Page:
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Hoover Digest 1996 No. 2

April 30, 1996

The Numbers Tell The Story: Economic Freedom Spurs Growth

Nobel Prize–winner and Hoover fellow Gary S. Becker surveys the evidence from more than a hundred countries.

April 30, 1996

Is Democracy Good for Growth?

It sounds nice to try to install democracy in places like Haiti and Somalia, but does it make any sense? Hoover fellow Robert J. Barro has his doubts.

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April 30, 1996

Property Law 101

What causes economic growth? Hoover media fellow Tom Bethell surveys commonplace theories and finds many of themincomplete. What do they overlook? Property rights.

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April 30, 1996

Risk and Return

Economic growth does more than raise living standards; it calls forth the best in the human spirit. A meditation (including a good economist joke) by Hoover fellow Paul M. Romer.

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April 30, 1996

Why Our Tax System is Good for Government But Bad for People

The federal tax code does a good job of redistributing income and rewarding special interest groups. It does a lousy job of promoting economic growth. Vice Chairman of the Hoover Institution Board of Overseers W. Kurt Hauser explains why.

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April 30, 1996

Fear Not a Tax Cut

Former Hoover media fellow David Tell examines the case against a tax cut--and refutes it. A primer for this political season.

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April 30, 1996

The Minimum Wage Was High in the First Place

Hoover fellows John F. Cogan and Thomas E. MaCurdy argue that when Congress and the president hiked the minimum wage last summer, they were making a dumb mistake. The hike hurt those it was intended to help and helped those who didn't need it. And the effective minimum wage rate was already at a historic high in the first place.

April 30, 1996

How to End Welfare--and Help the Working Poor

We should stop tinkering with the welfare system and forget about the minimum wage. We already have a way to help the working poor: the earned income tax credit. An analysis by Nobel Prize–winner and Hoover fellow Gary S. Becker.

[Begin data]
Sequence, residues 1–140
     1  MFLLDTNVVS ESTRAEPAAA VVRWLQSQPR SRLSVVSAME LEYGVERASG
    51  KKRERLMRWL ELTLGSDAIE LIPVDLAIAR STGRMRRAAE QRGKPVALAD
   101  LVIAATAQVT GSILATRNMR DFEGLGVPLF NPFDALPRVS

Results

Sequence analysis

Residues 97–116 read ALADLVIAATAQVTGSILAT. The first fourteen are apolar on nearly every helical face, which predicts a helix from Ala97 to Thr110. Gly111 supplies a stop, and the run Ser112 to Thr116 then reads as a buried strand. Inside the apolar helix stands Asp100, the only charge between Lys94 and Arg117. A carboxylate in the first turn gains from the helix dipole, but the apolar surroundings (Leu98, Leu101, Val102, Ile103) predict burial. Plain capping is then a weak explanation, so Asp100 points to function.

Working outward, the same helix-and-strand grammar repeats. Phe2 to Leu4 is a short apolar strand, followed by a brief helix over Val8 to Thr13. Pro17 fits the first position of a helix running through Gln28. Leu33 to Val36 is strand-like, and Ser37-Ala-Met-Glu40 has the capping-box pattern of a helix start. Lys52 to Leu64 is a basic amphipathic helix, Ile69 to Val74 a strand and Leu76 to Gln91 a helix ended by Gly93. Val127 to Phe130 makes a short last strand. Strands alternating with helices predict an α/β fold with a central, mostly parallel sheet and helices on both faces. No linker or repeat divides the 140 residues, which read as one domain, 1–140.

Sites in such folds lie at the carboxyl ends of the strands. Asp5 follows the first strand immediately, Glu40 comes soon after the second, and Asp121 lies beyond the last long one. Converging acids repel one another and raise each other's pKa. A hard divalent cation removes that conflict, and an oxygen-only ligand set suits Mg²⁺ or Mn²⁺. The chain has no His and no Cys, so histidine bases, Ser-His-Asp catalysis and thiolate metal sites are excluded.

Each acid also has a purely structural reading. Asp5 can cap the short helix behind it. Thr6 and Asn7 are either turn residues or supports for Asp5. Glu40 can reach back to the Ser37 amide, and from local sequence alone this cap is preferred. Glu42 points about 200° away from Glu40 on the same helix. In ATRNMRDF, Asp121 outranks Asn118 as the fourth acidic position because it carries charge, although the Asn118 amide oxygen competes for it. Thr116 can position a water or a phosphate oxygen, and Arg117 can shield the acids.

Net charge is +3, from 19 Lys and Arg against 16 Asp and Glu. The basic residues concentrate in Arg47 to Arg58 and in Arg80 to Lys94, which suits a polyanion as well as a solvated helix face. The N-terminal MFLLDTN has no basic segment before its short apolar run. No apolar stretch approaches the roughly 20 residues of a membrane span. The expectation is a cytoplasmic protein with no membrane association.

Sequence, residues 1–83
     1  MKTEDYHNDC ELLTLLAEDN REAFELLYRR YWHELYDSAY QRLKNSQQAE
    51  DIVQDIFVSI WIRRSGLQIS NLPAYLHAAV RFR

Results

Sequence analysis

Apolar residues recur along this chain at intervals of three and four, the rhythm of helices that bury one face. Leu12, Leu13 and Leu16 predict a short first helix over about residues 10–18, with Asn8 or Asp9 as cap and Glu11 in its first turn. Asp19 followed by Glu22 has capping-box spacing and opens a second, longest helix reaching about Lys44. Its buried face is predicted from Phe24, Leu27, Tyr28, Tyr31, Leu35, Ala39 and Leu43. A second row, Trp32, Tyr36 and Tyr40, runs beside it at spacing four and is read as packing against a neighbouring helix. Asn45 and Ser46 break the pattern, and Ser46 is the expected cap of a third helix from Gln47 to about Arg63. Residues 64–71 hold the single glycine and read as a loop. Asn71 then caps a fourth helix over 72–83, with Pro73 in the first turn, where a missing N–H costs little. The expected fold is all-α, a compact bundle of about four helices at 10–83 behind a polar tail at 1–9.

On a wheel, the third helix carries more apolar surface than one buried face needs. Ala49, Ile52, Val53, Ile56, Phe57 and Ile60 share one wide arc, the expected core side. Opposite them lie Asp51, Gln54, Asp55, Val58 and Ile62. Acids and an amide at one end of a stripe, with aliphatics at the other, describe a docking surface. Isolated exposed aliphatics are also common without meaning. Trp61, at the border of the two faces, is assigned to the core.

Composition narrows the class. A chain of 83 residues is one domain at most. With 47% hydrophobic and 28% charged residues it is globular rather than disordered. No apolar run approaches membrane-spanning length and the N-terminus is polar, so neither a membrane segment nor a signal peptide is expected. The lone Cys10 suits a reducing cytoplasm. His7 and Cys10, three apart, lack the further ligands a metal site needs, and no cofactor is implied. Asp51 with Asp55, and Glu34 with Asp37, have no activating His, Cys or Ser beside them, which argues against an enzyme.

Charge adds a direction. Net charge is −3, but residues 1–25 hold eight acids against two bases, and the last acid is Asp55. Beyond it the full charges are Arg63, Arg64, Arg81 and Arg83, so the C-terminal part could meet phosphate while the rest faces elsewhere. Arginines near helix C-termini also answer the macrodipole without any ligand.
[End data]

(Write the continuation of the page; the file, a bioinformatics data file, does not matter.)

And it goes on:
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April 30, 1996

Workfare, Not Welfare

The main welfare initiative of the Clinton administration has been the enlargement of the earned income tax credit program. "Mr. Clinton's support," Hoover fellow Robert J. Barro argues, "is not sufficient reason to regard the program as mistaken."

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April 30, 1996

The Squabble over the Minimum Wage

Why did so many economists back the hike in the minimum wage earlier this year? In part because of a study based on lousy data. Hoover fellow David R. Henderson explains.

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April 30, 1996

How We Adopted A Soviet-Style Health Care System--and How We Can End It

Health care delivery in the United States has become so depersonalized as to be virtually Soviet. Don't believe it? Nobel Prize–winner and Hoover fellow Milton Friedman proves the point by quoting Aleksandr Solzhenitsyn, a Hoover honorary fellow. The way to end depersonalized care? Friedman argues for medical savings accounts.

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April 30, 1996

The California Civil Rights Initiative

ABC News correspondent and Hoover media fellow Bob Zelnick examines the issues at stake and the personalities involved.What does Ward Connerly think of Willie Brown? Read on.

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April 30, 1996

The Case for Colorblind Justice

Affirmative action was supposed to be a temporary measure limited to blacks. It was soon made permanent and extended to Hispanics, women, and others. Editor in Chief of Forbes MediaCritic magazine and former Hoover media fellow Terry Eastland argues for ending affirmative action once and for all.

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April 30, 1996

Is This the Year?

Hoover fellow Thomas Sowell surveys challenges to affirmative action now taking place throughout the country. "Neither in courts of law nor in the political process can affirmative action stand on its merits."

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April 30, 1996

Cover Charge

Current immigration policy establishes annual quotas for countries of origin--just so many French each year, just so many Mexicans, just so many Nigerians. Hoover fellow Edward P. Lazear has a better idea. Sell the slots outright.

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April 30, 1996

How to Keep Nuclear Weapons out of Terrorists' Hands

Nuclear smuggling has become a grave problem. National Fellow Jessica Stern tells how to prevent a calamity.

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April 30, 1996

A Muddle Wrapped in a Mystery

Hoover fellow Robert Conquest examines the prospects for peace and prosperity in Russia. His conclusion? "Cross your fingers."